Albrecht said to the Guardian:
"I am relieved to see the government accepting the scientific consensus that the technology does not exist to scan encrypted messages without violating users’ privacy. However, it is not clear what test the government plans to apply to decide on whether the technology is feasible in the future."
Since the government did not change the wording of the bill, the option to force companies to scan later still exists. The media regulator Ofcom still has the power to declare any technology good enough for the task of scanning for abuse content while respecting people's right to privacy - whether the technology can actually achieve this or not doesn't matter.
Listening closely to politicians and their statements about the Online Safety Bill, the current plan is not to break encryption, but this could only be a lip service.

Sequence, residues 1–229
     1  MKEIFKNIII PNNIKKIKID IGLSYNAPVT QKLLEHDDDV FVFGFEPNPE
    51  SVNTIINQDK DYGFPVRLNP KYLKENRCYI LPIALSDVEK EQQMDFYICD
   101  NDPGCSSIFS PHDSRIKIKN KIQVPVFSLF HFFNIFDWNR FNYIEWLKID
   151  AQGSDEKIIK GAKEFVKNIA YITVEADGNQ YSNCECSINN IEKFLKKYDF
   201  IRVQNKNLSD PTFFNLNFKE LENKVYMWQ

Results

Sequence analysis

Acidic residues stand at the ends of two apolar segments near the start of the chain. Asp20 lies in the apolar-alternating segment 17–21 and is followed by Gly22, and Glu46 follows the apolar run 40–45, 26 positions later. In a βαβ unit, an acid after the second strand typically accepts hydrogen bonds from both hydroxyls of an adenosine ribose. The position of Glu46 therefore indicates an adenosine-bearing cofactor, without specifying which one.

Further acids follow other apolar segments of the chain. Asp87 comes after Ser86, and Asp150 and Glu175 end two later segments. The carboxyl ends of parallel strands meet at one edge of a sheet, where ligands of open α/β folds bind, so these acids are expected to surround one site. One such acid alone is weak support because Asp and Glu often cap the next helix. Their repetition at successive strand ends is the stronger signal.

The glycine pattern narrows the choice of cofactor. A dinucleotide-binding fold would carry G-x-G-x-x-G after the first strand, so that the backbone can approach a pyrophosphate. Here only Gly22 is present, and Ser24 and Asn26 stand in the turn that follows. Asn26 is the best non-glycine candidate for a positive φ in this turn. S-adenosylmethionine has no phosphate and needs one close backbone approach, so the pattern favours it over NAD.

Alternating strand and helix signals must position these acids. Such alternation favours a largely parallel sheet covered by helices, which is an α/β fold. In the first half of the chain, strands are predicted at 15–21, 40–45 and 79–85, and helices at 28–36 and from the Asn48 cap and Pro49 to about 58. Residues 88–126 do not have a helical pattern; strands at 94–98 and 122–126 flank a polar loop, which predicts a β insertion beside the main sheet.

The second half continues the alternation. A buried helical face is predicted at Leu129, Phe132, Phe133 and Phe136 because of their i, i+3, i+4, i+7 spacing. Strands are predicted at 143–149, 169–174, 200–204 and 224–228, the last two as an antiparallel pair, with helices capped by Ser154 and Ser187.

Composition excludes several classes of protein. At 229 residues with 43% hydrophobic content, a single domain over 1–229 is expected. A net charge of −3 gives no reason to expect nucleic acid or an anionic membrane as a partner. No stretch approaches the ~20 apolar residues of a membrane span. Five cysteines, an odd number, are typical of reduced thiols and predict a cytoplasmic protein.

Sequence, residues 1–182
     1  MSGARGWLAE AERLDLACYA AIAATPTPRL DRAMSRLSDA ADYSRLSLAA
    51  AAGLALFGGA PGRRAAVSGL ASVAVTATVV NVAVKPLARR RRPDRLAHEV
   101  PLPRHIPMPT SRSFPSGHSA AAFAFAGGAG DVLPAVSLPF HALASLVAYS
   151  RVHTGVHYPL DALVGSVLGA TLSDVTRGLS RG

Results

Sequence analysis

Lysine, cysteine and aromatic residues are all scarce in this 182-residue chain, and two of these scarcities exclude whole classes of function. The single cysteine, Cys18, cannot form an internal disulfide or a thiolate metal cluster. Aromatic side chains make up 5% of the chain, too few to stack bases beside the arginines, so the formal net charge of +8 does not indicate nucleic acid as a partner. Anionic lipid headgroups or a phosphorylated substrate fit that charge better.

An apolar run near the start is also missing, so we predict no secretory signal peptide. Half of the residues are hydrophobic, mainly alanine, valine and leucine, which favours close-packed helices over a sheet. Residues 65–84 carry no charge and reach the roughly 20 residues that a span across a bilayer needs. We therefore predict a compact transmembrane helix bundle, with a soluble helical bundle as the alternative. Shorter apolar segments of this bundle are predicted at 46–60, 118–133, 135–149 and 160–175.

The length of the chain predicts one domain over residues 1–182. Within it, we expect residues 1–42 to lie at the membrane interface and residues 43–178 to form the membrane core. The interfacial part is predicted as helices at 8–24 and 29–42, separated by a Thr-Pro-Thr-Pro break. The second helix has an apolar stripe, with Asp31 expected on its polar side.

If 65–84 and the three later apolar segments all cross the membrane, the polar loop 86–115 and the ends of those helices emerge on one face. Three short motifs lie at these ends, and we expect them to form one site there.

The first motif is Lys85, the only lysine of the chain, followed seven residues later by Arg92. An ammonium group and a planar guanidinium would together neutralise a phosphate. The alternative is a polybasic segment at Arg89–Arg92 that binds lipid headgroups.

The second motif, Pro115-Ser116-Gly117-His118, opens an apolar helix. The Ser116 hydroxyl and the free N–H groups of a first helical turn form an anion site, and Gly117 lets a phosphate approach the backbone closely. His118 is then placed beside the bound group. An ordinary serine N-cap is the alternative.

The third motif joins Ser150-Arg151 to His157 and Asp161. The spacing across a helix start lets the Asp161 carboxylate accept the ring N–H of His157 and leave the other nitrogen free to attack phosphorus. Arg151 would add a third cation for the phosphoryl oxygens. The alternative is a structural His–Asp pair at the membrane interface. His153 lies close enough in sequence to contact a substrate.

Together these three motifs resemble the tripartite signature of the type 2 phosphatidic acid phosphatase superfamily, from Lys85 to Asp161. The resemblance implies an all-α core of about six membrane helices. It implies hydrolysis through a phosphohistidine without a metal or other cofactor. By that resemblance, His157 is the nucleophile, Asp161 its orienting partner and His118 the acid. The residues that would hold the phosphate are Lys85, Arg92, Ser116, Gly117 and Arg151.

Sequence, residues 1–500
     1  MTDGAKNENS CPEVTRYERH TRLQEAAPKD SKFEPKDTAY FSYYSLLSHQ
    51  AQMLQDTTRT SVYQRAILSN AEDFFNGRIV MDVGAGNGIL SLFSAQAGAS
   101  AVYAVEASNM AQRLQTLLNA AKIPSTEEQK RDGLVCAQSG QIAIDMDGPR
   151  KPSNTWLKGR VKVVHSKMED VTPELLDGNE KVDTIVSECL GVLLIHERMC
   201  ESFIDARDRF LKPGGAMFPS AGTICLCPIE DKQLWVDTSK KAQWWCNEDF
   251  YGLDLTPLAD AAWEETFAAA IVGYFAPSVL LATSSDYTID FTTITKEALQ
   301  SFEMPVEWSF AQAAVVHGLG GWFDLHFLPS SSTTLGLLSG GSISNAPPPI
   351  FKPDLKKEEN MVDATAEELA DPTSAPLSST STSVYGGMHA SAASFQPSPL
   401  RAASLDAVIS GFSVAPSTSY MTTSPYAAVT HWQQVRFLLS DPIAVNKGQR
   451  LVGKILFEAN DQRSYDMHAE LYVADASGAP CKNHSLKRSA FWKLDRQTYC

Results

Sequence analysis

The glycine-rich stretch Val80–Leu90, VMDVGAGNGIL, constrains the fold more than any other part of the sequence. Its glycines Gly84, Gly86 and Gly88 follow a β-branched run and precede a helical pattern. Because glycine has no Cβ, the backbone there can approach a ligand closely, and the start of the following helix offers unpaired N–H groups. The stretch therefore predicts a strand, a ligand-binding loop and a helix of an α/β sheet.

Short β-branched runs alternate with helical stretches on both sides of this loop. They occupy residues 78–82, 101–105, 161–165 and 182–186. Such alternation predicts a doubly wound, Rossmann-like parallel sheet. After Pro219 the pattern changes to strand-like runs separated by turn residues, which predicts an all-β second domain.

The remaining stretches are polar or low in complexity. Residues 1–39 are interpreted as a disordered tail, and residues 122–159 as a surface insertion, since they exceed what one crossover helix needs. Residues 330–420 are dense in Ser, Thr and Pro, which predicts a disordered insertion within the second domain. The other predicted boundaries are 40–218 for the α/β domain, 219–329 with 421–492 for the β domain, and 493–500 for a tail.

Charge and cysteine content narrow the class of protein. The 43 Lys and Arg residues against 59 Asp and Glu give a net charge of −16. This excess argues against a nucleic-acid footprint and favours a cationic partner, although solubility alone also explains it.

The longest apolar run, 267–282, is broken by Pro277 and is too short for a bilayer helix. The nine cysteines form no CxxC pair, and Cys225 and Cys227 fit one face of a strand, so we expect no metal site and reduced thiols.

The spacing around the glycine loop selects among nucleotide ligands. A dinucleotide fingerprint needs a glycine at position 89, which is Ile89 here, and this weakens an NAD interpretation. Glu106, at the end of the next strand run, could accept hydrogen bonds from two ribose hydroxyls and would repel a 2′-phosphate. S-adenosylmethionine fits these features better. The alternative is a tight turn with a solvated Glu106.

Minister for tech and the digital economy, Paul Scully MP said:
"Our position on this matter has not changed and it is wrong to suggest otherwise. Our stance on tackling child sexual abuse online remains firm, and we have always been clear that the Bill takes a measured, evidence-based approach to doing so."
This means: The UK government still wants to scan every message and every text you send, no matter if it's end-to-end encrypted or not.
If the Online Safety Bill is passed in its current form, Ofcom will be able "to direct companies to either use, or make best efforts to develop or source, technology to identify and remove illegal child sexual abuse content — which we know can be developed," Scully said.
In the end, all we have is a promise. The UK government says they won't force messaging apps to use unproven technology to scan for child sexual abuse material, or CSAM, but the powers to do so are still in the bill. The government can change their mind any minute.